Here’s an example of a sentence I’ve come across — actually, part of a sentence. Is it necessary to use "who" a second time in the sentence, before "may" (see example below)? If not necessary, is it preferred to use "who" for each relative clause?
… for those who need access to these reports and papers, and may need more advanced resources.
… for those who need access to these reports and papers, and who may need more advanced resources.”
Either option is acceptable. There is a slight difference in how each of them may be read.
In the expanded option,
… for those
(1) who need access to these reports and papers, and
(2) who may need more advanced resources.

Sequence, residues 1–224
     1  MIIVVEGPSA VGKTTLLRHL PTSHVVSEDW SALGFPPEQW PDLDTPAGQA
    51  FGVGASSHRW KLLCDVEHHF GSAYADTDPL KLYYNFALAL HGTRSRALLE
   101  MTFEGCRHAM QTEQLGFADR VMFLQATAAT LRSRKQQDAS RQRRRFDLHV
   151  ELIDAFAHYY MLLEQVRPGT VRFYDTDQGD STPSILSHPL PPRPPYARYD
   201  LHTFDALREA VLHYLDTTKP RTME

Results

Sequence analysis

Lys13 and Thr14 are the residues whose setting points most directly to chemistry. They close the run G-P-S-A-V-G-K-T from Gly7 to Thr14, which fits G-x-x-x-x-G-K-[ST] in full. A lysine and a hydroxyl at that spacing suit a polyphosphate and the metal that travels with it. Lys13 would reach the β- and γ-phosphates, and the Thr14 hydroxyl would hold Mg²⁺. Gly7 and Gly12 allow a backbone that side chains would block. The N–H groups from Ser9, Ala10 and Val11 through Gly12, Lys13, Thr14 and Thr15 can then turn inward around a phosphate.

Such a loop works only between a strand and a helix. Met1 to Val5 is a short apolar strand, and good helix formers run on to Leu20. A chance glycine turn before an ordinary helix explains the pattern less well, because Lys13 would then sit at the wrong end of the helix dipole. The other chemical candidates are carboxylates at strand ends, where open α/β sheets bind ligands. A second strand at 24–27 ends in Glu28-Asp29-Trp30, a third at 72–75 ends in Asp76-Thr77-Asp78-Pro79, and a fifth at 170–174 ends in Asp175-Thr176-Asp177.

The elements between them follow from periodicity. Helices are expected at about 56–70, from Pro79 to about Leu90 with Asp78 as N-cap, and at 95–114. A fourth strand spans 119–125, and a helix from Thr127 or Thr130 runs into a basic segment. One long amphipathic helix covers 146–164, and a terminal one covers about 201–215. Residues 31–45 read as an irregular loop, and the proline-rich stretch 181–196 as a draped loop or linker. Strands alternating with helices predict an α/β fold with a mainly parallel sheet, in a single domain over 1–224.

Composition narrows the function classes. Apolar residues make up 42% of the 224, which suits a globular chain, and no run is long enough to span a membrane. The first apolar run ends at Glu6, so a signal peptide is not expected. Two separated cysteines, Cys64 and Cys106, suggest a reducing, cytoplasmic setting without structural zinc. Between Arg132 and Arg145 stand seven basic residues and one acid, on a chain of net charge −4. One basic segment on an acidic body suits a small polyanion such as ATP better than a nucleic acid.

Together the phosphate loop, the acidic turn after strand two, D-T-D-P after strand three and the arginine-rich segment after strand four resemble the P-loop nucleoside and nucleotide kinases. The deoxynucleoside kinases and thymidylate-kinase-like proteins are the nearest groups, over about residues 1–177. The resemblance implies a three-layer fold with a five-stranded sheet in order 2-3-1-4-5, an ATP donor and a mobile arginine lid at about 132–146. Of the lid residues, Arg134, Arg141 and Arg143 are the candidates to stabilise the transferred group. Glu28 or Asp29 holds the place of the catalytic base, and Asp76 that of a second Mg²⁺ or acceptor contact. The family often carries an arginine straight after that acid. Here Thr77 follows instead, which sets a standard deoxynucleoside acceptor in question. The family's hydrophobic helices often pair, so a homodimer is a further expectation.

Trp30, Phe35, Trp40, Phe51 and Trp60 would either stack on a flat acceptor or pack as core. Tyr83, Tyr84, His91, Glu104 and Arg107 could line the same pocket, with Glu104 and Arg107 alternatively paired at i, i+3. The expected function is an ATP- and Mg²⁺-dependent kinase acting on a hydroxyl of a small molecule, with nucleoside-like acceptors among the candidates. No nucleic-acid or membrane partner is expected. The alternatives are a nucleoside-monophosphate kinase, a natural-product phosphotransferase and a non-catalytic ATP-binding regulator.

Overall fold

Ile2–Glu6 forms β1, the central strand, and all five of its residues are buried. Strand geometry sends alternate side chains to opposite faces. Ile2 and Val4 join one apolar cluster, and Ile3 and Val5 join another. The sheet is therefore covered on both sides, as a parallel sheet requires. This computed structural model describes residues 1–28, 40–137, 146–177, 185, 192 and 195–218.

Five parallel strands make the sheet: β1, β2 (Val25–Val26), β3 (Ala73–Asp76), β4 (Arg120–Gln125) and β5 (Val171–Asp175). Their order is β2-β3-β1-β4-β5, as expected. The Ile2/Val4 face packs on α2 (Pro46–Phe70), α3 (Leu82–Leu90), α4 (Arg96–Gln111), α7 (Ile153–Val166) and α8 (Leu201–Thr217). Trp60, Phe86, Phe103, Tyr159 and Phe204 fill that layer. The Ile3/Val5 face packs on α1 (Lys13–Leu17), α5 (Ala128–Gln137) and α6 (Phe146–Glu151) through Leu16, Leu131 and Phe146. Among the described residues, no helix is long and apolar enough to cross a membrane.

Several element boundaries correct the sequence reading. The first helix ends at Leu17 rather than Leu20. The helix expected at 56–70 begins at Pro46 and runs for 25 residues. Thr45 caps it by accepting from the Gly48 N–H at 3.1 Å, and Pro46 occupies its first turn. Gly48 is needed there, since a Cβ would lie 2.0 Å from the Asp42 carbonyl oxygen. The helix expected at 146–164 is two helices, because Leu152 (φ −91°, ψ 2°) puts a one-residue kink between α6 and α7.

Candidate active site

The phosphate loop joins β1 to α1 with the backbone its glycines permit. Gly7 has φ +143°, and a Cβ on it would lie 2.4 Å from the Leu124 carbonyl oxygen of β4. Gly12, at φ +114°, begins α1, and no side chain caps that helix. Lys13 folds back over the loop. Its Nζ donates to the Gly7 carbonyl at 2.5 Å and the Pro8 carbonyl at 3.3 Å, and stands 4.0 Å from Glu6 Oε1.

There is a slight tendency to read the repetition of relative clauses beginning with who as referring to two distinct subsets of the people you’re talking about, (1) and (2). Some people may need access to reports, some may need more advanced resources, and some may need both.
Compare to an elided version:
for those who
(1) need access to these reports and papers and
(2) may need more advanced resources
We’ve shifted from a compound relative clause starting with who to a compound predicate with one who as the subject. Yes, it’s also possible to read this as two relative clauses with an ellipsis omitting the second who, but there’s no guarantee people will read it that way. The result is that there is no clue whether the two statements refer to the same people or not. The group referred to by "who" is possibly homogenous.